The train pulled in under the lights of Hauptbahnhof Sta-tion, and the air brakes fired, and the doors clapped open.
I nudged Jason’s leg. He looked around, rubbing his eyes. “Munich,” I said. We pulled down our bags and gave them a shove onto the platform. Other backpackers walked past and we nodded to them as they went by, the way truckers do as they pass each other on a highway. I looked out over the bay of train platforms, and I could see just how many of us there were—dozens, from every place—and I thought the sight should make me feel better, like I was part of a special club. But there was something about the way we looked—bundled beneath our packs, strapped into our gear like astronauts on a space-walk—that made me feel lonely for all of us, even as we walked together.
I told Jason I had to make a call.
I’d been having my mail forwarded to Morgan’s flat in London, and I’d been trying her for the past three days to see if anything had arrived. But all I ever got was the answering machine, and tonight was no different.
I felt like I needed to do something, go somewhere, keep moving, to Frankfurt maybe. Someplace that actually had something going on at night, someplace you could lose yourself in a crowd. I thought about telling Jason this, but he had already smacked his finger down on the map, tracing a route from the station to the hostel, and when I looked at all of our stuff piled up on the platform, I thought about having to hoist it back onto a train that wouldn’t leave until God- knows-when, and suddenly Munich seemed fine for now. But that was before we’d arrived at the hostel.
At this point, I’d gotten used to a bare minimum of comfort, institutional at best. Most of the hostels attempted to round down the corners. Not this place. This one had been converted (a term I use lightly) from a public high school into an overcrowded way station for young, transient souls. Little had been done to conceal its former identity. Desks had been pulled out and bunk beds hauled in—and that’s about it. I peered into the reclaimed classrooms as we marched down the halls, remembering daydreams I’d had as a child—about what it would be like when the nuclear bomb hit and we had to live in our candlelit classrooms, eating thawed-out pizzas and marrying each other.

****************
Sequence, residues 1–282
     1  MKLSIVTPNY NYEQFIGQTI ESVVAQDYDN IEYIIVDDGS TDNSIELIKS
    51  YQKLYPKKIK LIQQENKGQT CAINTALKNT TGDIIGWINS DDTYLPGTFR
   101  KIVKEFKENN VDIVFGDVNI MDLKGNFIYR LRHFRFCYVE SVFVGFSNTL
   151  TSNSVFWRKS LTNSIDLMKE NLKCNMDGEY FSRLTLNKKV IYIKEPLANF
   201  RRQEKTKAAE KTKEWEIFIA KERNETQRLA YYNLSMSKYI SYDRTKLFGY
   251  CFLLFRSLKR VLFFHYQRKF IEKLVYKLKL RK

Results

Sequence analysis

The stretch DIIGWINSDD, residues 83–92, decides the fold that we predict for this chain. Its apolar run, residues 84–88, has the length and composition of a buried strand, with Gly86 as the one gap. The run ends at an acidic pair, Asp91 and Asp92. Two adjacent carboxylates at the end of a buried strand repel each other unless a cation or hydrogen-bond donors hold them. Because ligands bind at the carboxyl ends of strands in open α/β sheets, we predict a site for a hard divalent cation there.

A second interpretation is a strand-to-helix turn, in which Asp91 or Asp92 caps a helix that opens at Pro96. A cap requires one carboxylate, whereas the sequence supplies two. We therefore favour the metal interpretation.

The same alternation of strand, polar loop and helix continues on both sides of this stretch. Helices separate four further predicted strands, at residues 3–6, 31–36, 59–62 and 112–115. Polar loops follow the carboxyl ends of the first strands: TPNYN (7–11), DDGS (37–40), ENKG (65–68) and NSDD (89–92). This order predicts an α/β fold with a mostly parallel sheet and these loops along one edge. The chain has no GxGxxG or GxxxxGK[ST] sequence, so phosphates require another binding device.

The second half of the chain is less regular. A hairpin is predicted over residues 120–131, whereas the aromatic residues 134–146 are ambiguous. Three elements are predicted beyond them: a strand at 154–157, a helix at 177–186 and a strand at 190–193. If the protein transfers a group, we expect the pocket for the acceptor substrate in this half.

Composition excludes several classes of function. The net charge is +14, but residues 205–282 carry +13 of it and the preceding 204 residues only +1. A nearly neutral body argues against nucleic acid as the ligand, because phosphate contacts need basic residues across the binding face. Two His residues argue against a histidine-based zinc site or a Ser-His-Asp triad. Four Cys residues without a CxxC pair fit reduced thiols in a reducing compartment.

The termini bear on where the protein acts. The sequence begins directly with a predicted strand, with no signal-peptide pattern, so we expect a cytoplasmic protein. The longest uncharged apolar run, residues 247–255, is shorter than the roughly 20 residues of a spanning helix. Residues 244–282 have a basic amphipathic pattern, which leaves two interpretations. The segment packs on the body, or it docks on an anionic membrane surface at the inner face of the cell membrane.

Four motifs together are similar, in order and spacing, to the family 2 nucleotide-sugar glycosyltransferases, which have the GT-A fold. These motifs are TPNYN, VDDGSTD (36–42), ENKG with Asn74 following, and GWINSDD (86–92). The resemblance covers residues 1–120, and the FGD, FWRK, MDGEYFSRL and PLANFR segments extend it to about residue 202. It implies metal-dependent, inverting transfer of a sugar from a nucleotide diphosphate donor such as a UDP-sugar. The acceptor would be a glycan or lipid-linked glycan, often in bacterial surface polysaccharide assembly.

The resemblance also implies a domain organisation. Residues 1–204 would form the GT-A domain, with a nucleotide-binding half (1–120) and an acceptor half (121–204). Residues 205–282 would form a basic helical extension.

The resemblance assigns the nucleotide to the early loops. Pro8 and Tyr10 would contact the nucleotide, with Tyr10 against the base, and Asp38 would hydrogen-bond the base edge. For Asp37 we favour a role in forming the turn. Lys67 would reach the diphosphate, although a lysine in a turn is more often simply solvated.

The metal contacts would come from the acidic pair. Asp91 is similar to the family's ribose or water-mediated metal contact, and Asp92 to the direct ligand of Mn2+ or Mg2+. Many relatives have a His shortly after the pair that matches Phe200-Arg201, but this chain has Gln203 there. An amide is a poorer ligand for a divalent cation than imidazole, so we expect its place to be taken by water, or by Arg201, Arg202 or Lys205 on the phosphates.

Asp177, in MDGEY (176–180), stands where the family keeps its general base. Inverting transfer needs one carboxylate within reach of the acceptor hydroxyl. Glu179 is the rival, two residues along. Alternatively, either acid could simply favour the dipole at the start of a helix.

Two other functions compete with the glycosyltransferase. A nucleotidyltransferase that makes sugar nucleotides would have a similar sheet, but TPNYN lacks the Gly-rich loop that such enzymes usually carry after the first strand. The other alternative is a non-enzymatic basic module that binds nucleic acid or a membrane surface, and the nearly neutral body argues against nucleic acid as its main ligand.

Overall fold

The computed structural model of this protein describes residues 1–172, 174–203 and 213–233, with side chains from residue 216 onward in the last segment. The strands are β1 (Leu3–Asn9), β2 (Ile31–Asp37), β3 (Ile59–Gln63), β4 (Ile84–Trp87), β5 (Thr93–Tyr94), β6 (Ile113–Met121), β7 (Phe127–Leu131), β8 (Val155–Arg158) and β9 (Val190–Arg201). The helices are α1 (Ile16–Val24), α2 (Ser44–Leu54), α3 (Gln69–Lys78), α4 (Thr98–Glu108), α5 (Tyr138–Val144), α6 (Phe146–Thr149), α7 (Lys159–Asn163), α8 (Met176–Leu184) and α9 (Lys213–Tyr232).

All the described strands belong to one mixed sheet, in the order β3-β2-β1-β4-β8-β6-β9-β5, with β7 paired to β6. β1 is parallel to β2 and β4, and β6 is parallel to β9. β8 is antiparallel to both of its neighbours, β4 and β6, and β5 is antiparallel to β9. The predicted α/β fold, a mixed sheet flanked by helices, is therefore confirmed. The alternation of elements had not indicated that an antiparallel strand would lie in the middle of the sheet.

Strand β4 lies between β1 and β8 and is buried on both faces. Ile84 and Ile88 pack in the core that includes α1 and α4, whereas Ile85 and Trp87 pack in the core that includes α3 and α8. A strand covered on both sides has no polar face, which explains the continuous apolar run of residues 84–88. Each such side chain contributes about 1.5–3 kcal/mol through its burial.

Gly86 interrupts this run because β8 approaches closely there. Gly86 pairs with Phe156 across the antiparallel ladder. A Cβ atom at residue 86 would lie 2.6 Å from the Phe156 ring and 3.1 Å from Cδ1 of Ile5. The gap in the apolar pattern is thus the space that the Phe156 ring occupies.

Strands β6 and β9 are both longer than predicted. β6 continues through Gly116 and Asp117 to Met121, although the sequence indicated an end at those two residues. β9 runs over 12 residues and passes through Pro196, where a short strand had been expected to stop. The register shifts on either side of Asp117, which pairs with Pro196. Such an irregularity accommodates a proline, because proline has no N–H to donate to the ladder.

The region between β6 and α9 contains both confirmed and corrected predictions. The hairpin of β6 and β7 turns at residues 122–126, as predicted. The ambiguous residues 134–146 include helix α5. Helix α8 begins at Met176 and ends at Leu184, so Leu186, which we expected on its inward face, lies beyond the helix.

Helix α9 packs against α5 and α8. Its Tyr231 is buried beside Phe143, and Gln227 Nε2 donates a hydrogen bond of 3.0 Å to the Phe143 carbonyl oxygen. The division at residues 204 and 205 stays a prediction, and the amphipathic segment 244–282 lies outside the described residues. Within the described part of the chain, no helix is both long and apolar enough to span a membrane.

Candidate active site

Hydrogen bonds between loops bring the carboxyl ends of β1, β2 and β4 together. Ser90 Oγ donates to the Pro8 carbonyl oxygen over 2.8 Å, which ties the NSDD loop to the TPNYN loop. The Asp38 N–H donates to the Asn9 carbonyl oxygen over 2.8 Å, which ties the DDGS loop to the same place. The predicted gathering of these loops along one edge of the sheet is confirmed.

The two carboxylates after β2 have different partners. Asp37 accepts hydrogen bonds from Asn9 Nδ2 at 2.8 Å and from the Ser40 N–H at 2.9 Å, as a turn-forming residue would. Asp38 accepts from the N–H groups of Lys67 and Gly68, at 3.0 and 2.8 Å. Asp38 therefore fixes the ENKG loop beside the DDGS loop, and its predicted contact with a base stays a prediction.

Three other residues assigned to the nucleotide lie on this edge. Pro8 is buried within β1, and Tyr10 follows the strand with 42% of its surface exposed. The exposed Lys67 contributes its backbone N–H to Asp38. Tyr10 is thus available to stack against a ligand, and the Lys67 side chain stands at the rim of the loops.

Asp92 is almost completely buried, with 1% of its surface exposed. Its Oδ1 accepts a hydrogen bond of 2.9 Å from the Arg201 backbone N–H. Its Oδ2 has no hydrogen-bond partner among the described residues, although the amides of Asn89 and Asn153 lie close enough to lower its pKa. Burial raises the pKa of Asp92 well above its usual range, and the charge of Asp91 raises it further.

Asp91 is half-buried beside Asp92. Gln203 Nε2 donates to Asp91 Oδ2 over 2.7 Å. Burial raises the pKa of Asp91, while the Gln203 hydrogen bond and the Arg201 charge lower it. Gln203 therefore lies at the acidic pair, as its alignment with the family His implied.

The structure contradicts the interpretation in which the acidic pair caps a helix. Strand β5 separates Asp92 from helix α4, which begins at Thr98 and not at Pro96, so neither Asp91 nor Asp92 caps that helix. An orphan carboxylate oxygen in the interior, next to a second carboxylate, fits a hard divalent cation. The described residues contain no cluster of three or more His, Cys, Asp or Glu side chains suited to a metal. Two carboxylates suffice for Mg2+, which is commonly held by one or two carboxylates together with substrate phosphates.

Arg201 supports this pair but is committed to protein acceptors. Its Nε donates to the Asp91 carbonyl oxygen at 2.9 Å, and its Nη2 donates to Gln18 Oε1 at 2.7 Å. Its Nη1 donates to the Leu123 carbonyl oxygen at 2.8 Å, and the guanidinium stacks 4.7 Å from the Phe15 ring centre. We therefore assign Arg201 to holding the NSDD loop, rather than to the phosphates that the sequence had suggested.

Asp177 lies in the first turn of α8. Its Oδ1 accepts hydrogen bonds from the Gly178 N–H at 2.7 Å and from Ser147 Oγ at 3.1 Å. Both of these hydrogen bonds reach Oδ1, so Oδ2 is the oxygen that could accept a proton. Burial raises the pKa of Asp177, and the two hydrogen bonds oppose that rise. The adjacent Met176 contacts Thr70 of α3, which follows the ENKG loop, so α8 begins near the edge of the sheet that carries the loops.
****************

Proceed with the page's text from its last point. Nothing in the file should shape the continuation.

Our room assignment was the shell of a faculty office, shared by a couple of American girls, Sarah and Kim, who had already toppled their belongings onto the bunks opposite ours. They made for an odd couple—Sarah had the body of a point guard, and Kim was short and curvy and wore a pair of cat’s eye spectacles. They were cute, not blindingly attractive, but whatever they lacked in sex appeal they made up for in openness. I was impressed that they didn’t seem to care about sharing a room with two boys they’d never met.
“We’re going dancing, if you want to go,” Sarah said. “I grabbed these from downstairs.” She handed Jason a stack of party flyers, which he sorted through like a deck of playing cards. They were all selling the same thing. A hundred different DJs with a hundred different obnoxious names like DJ SPIT and MISSY KISSY. All of them would be spinning either “house” or “trance,” and I knew deep down in my bones just how annoying any one of these parties would be. But at this point it wasn’t about the party. It was about having a destination.
“What about this one?” I asked, looking over Jason’s shoulder. I read the name aloud. “Nachtwerk… What is that? Nachtwerk. Night work?”
“Ja, sure,” Kim said in a faux-German accent. “Vee vill be doing zee night-verk tonight.”
“How far away is it?”
“I’m looking,” Jason said, tracing his finger across the map. “It’s not on here.”
That should have been our first clue: The name of the street was there, but way out in the margin with an arrow pointing off the page.